There are people who can learn from watching others make mistakes, some who have to make the same mistake ten times before they choose a different approach, and some who never learn. We’re all on a journey, seeking wholeness or balance. Some find it, some don’t. But we’re all looking for it. For some survivors, the spontaneous marriages worked out beautifully; for some, not so much. There was such a collective will to defy Hitler and defeat his plans, that many pushed through to look for wholeness in the formation of their new families. I mean, think about that—you lose everyone, but something in you risks doing it again—not because of any promised result, but because of the human need to love and be loved. There’s no guarantee that it will work; none of us are given that. The same goes for pursuing music. Nothing says you’ll “make it.” But the hunger for more of music’s nourishment keeps the player moving forward. There are a ton of technically skilled musicians out there, but you dread listening to them because there’s no heart. You’ll always choose a musician with heart over one with stiff chops.

Prayer is an interesting example. Many people think of prayer as a quid pro quo—“I pray, God checks my request off the list, therefore God is good or real.” But prayer has no guarantees, either. Like marriage or music, prayer is about the relationship, not about the result.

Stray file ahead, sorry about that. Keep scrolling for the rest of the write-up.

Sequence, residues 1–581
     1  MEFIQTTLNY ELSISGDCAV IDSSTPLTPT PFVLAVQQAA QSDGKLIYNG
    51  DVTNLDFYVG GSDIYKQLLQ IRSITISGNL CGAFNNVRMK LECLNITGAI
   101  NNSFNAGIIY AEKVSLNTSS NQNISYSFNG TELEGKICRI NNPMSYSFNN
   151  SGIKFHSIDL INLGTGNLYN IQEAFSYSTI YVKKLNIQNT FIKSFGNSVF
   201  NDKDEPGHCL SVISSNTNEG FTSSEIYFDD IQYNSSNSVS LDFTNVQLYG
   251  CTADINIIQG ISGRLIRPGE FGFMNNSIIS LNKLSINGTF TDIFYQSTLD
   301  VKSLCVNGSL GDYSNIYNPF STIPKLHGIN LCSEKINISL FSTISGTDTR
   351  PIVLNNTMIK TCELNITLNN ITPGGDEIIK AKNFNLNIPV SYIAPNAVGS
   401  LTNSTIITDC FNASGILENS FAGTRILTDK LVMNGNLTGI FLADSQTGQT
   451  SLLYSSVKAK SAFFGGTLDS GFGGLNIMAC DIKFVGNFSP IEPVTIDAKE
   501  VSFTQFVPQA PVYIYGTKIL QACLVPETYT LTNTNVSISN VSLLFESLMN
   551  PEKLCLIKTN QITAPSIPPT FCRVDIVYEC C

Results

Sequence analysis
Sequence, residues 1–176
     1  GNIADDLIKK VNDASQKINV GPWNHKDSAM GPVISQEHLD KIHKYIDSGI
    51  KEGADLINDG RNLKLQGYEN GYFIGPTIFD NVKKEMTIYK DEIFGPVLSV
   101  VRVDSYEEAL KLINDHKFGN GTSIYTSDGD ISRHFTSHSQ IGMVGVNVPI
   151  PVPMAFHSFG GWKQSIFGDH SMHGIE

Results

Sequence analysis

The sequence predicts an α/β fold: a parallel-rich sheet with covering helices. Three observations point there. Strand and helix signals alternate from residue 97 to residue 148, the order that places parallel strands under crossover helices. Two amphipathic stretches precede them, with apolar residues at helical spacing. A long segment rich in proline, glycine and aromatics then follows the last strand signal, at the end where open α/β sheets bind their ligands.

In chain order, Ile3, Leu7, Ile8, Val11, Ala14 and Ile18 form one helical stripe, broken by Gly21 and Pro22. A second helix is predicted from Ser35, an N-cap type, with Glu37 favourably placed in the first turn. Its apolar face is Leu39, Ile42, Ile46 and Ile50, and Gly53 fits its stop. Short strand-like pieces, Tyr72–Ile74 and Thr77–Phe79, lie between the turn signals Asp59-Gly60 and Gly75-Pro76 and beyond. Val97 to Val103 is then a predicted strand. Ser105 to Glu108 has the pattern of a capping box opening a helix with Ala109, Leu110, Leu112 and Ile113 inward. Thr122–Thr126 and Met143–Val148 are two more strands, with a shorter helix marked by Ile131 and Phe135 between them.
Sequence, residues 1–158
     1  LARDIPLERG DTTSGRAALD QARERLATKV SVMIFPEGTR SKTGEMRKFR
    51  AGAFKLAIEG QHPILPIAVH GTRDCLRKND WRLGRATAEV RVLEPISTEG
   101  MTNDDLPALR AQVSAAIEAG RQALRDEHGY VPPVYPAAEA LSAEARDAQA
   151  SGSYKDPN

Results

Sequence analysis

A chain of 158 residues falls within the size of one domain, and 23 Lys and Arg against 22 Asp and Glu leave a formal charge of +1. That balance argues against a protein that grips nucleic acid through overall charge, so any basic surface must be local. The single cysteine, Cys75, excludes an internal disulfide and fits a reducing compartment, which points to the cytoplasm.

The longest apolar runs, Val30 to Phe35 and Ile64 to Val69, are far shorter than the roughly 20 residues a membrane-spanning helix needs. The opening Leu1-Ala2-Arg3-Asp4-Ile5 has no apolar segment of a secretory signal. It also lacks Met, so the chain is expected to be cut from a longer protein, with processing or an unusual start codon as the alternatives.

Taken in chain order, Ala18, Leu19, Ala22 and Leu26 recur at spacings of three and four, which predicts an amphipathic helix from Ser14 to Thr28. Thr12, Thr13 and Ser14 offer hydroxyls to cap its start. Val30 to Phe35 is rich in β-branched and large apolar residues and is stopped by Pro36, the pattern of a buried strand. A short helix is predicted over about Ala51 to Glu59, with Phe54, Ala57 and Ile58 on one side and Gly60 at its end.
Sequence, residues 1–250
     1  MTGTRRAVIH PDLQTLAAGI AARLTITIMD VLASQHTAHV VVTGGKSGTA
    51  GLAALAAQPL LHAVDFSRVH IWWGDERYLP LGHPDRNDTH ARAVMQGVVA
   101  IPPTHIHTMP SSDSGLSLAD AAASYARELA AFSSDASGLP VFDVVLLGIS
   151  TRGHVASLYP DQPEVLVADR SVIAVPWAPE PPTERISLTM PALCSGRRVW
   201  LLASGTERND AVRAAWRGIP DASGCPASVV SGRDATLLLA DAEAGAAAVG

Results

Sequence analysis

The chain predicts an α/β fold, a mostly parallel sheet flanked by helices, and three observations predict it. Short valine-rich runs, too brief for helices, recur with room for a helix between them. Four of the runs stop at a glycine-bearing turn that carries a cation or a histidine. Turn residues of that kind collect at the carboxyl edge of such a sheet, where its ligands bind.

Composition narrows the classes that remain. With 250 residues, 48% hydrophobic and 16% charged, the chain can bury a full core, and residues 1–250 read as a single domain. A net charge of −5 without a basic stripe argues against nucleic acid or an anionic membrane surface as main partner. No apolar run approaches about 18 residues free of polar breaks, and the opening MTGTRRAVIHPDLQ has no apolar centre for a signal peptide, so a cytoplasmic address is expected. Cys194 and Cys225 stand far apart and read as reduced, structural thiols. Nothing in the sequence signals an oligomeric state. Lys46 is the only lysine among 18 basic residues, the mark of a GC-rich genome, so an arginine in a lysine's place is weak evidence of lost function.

What do you hope your teen readers take away from this story?
I believe so strongly in this generation of teenagers as very clear thinkers. A lot of them are shaking off convenient labels in favor of thinking for themselves. Of course, the book might bring up larger external or historical questions—the nature of global anti-Semitism, totalitarianism, personal freedom, freedom of speech—but I really hope that readers connect deeply to the characters. I hope they see Gerta and Lev as peers, and as examples of two approaches to the question: Who, not just what, am I? This is a lifelong question that you don’t figure out by the time you’re 21—or 81. And I hope readers will connect to how much a person’s character really matters, above all other considerations, when choosing their circle of friends and partners.

What’s next for you?
I’m working on a new illustrated novel, also historical fiction, centered on the Great Plague in medieval England. It’s exciting but incredibly challenging!

 

ALSO IN BOOKPAGE: Read our review of What the Night Sings.

Author photograph by Katrina Sorrentino.

Get the Book

What the Night Sings

What the Night Sings

By Vesper Stamper
Knopf
ISBN 9781524700386